MLB Draft Winners

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Colorado – 11th overall pick Tyler Matzek was the best
high school pitcher in the draft, and outfielder Tim Wheeler and
left-hander Rex Brothers were nice grabs at No. 32 and No. 34,
respectively. Second-round third baseman Nolan Arenado also could have
been picked earlier. The Rockies could have gone cheap in order to free
up more cash for Matsek, who is sure to demand a big bonus, but they
decided to keep adding legitimate prospects. If they get everyone
signed, they’ll again have one of the most talented farm systems in the
league.

Kansas City – The Royals were believed to be considering
catcher Wil Myers at pick No. 12. They instead took Aaron Crow there,
only to find Myers still available when their next turn came up at No.
91. Crow, the Nationals’ first pick last year, is a future third
starter or closer. Fourth-round Chris Dwyer could be a third player to
command a seven-figure bonus.

Texas – 14th overall pick Matthew Purke and 44th
selection Tanner Scheppers were both viewed as top-10 talents by some.
Scheppers, who was drafted by the Pirates last year, fell because of
concerns about his shoulder, but he should be signable after already
sitting out one year after college. Third-rounder Robbie Erlin and
fifth-rounder Ruben Sierra Jr. also could have gone much earlier. The
Rangers probably won’t sign them all, but adding three of the four to
the system would be a nice coup. Unfortunately, the skeptic in me
wonders if Tom Hicks’ team took so many tough signs because the well is
empty and the team didn’t want to pay slot money to players who would
be more eager to take it.

And from the it could have been worse department…

Brody Colvin – Rated Baseball America’s No. 43 prospect,
Colvin, a high school righty, fell all of the way to the seventh round
and pick No. 227. However, once there, he landed with the Phillies, a
team that should be willing to spend after being the last team to make
its first pick Tuesday. Because of the Raul Ibanez signing, the
Phillies were without a first-rounder and didn’t draft until pick No.
75.

Kyle Heckathorn (RHP Brewers), Tyler Skaggs (LHP Angels), Kentrail Davis (OF Brewers)
– All three players may have expected to get the call in round one, but
slipping to the supplemental round wasn’t such a bad thing. Unlike true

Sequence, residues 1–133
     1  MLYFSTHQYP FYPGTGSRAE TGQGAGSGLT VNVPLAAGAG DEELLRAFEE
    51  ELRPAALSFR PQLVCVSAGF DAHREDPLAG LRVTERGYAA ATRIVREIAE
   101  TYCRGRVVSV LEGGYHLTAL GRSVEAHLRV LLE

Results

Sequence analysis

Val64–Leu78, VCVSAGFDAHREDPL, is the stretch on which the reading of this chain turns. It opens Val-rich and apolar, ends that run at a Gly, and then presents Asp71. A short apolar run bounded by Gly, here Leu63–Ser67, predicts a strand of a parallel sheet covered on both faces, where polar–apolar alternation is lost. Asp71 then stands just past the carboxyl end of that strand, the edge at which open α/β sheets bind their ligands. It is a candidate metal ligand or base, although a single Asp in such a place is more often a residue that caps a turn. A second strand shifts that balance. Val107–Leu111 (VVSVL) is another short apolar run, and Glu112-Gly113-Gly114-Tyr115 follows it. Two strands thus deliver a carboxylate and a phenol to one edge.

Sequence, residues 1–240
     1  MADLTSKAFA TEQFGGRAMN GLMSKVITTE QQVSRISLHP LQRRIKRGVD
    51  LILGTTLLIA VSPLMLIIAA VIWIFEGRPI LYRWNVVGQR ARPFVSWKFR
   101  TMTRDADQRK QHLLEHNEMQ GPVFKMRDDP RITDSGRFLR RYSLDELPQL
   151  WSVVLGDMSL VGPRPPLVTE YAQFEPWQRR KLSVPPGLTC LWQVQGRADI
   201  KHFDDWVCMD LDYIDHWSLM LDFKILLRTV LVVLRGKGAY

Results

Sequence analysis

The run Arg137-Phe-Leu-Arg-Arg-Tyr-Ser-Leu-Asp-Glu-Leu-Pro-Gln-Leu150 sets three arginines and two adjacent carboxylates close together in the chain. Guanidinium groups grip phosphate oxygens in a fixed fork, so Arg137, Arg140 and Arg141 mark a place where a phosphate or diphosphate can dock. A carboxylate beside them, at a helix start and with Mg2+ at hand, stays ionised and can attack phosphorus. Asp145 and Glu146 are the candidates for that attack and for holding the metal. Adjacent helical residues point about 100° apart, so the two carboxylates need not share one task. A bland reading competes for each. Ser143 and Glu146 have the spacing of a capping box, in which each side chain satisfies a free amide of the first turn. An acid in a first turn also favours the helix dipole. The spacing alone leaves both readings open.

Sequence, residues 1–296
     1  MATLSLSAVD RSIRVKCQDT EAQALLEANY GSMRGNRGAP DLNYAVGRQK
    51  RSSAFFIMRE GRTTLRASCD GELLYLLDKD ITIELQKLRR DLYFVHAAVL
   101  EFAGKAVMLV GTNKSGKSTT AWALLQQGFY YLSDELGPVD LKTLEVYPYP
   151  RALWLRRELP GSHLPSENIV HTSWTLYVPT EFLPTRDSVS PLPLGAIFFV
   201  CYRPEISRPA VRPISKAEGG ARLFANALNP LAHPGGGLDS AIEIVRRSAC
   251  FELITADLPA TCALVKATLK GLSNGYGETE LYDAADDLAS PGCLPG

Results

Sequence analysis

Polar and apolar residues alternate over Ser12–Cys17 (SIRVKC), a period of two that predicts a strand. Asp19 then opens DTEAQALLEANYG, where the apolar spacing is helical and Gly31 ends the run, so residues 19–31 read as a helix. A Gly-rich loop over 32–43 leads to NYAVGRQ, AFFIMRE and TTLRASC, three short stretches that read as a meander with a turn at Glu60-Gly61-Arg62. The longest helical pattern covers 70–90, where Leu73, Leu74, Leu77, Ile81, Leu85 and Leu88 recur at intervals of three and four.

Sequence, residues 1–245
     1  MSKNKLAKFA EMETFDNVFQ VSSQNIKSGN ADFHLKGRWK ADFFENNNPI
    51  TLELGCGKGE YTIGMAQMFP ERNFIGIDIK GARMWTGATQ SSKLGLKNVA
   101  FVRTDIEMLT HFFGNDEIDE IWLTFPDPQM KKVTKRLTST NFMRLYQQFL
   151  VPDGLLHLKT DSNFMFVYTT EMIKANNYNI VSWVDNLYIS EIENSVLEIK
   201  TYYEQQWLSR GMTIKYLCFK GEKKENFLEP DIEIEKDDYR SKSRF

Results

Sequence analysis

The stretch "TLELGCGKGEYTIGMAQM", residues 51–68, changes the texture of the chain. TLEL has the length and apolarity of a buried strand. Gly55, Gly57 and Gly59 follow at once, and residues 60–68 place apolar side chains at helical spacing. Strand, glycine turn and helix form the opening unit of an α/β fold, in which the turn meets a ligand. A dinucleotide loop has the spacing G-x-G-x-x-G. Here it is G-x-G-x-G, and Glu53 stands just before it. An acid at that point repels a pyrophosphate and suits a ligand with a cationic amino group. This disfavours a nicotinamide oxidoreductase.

first- and second-rounders, supplemental picks aren’t protected, so if
these players go unsigned, their teams won’t get bonus picks next year.
That will give the teams more incentive to sign the players.

Sean Manaea pitches the first no-hitter of 2018

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Athletics southpaw Sean Manaea delivered his first career no-hitter against the Red Sox in a decisive 3-0 victory on Saturday night. Any thought of a perfect game was banished in the first at-bat, when Mookie Betts drew a leadoff six-pitch walk to open the first inning. From there, Manaea was nearly flawless, holding the Sox to four total baserunners and striking out 10 of 30 batters faced — a career record.

Manaea was gifted a three-run lead thanks to RBI doubles from Jed Lowrie and Stephen Piscotty and Marcus Semien‘s solo shot off of Chris Sale in the fifth inning. While the Red Sox managed to draw two walks off of Manaea, they didn’t come anywhere close to plating a run. Andrew Benintendi tried to break up the no-no in the sixth inning with an infield hit down the first base line, but strayed out of bounds and later saw his hit reversed on a call of batter interference.

Entering the ninth inning, the 26-year-old lefty was sitting at just 95 pitches through eight frames of no-hit ball. He quickly deposed Blake Swihart and Mookie Betts with a groundout and fly out, then walked Benintendi on seven pitches. Any threat the Red Sox might have posed was soon eliminated, however, as Hanley Ramirez ground into a force out to complete the no-hitter.

Manaea is the first A’s pitcher to toss a no-no since Dallas Braden’s perfect game against the Rays eight years ago. The last time the Red Sox were on the losing end of a no-hitter was also against an AL West rival, when the Mariners’ Chris Bosio clinched a 2-0 no-no on April 22, 1993. Manaea’s feat is even more outstanding given how dominant the Red Sox have looked this season: prior to Saturday’s defeat, they boasted a 17-2 record and had yet to be shut out during the regular season.